A lot of the points that were made in class this week are valid, but I am still grappling with how journalists could be so mistrusted by college students in an era full of headlines that seem to be on their side (in opposition to the current administration). Media may be somewhat inherently  biased– after all, reporters are human beings too– and everyone should learn to be a critical consumer, but I’ve always thought that journalism was a noble and necessary part of democracy. How else can everyone else, who spend most of their waking hours working in their own fields, be made aware of the political, cultural and economic events that shape, however abstractly,the world they live in?

In class, we have also read about zines and citizen journalists with their own publications and distribution methods, who are openly biased and seek to inform the public of their cause. But we still need people whose whole job is to report the news, who are trained in a professional setting to research, report and write about events that their personal ideologies aren’t already tangled up in. Don’t we?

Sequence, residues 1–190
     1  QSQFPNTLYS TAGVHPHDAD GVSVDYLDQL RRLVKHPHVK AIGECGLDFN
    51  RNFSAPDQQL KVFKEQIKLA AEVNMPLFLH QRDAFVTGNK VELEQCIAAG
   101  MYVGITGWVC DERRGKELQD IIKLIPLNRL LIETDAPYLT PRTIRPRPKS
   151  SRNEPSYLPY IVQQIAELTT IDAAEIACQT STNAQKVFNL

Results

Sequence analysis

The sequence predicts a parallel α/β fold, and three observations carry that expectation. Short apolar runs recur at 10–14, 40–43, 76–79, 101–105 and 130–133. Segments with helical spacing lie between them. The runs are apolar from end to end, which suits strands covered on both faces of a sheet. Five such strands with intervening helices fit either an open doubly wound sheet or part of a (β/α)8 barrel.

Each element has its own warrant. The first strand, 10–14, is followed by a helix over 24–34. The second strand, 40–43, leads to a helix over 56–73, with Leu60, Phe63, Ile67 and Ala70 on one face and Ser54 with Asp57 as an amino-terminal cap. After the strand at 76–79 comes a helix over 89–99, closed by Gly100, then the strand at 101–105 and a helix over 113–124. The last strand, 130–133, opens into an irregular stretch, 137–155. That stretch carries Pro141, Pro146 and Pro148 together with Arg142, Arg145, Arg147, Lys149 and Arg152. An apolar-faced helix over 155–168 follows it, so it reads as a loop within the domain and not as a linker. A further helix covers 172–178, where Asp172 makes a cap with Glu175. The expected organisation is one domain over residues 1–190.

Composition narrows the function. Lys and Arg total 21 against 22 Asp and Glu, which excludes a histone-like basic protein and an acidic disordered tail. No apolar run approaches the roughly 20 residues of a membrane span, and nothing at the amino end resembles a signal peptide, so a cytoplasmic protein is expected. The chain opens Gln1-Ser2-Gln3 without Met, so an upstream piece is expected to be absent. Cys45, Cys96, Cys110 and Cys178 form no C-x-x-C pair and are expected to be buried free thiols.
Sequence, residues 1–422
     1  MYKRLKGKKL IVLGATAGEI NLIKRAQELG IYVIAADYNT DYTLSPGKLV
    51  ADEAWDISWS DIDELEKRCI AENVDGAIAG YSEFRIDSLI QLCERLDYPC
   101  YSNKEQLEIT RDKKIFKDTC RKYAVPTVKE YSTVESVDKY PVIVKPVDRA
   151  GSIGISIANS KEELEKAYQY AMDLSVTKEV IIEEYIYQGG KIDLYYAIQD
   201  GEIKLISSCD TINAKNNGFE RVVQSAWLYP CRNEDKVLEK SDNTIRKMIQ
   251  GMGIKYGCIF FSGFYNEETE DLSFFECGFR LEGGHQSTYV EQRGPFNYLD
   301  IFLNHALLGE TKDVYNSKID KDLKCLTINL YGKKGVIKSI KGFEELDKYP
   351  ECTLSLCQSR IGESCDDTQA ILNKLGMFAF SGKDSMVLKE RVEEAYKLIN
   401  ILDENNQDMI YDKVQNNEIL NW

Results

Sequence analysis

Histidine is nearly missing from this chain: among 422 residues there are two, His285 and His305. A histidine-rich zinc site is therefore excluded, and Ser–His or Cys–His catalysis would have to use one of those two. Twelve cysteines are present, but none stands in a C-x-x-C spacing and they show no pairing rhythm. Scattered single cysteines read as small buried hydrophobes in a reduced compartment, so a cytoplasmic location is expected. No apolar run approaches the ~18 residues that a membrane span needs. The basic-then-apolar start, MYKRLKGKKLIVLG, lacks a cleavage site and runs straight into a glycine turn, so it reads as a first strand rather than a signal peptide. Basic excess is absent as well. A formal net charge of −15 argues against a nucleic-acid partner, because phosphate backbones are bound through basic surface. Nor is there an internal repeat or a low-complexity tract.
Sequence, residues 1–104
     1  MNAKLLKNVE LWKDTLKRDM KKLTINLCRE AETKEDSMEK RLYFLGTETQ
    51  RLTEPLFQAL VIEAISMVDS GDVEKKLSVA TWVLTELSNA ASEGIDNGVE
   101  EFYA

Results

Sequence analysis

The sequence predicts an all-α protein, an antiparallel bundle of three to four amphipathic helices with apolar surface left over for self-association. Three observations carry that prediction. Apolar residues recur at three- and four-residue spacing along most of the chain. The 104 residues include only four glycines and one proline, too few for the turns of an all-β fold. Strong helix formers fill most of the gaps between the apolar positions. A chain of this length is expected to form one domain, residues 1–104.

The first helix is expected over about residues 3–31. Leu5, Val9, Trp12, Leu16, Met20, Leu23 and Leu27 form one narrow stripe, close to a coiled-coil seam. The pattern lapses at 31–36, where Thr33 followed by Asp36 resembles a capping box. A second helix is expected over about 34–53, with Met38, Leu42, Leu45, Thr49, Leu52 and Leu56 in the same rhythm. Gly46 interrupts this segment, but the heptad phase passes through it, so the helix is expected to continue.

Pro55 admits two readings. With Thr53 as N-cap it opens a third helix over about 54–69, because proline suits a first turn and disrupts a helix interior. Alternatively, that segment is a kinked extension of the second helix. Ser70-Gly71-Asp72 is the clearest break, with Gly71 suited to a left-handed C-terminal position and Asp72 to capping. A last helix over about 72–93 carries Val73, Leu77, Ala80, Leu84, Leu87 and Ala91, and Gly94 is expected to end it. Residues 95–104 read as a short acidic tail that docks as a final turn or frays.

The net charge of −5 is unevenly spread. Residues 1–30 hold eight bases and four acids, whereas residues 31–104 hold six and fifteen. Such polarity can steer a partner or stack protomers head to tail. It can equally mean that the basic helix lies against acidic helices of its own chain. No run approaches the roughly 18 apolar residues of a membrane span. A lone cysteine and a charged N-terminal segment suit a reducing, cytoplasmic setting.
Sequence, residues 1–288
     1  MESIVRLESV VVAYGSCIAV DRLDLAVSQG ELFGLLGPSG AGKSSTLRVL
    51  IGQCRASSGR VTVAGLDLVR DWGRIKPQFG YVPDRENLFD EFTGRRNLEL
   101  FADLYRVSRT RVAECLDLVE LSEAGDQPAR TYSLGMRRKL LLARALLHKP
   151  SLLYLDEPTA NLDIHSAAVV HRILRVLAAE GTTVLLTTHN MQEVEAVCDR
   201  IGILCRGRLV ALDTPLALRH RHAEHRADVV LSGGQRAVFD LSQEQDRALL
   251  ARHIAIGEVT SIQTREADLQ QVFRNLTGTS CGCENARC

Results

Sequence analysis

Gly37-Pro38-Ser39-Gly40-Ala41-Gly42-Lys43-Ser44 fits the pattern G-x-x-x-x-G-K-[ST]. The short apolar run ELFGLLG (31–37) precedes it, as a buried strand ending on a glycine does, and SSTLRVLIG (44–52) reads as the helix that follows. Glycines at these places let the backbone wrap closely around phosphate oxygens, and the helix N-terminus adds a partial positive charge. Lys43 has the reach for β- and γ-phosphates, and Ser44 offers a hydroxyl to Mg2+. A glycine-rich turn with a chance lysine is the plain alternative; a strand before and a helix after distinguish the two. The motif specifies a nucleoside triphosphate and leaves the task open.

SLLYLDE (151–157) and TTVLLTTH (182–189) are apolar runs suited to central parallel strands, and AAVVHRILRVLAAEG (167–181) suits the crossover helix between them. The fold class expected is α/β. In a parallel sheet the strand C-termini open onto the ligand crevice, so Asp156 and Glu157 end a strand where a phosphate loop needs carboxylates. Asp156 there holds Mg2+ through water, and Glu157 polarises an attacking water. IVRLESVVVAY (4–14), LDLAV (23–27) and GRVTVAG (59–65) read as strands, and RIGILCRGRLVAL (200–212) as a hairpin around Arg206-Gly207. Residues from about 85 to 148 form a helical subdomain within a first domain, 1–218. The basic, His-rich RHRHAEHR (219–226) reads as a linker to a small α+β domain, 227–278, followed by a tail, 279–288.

Yes, we have fantastic, well trained, full-time reporters like Amy Goodman from Democracy Now! and Rachel Maddow, who take an activist approach to journalism. But we still need sources that ride the line between parties, that will be listened to by more than the liberals in the preacher’s choir, that can’t be called fake news so easily.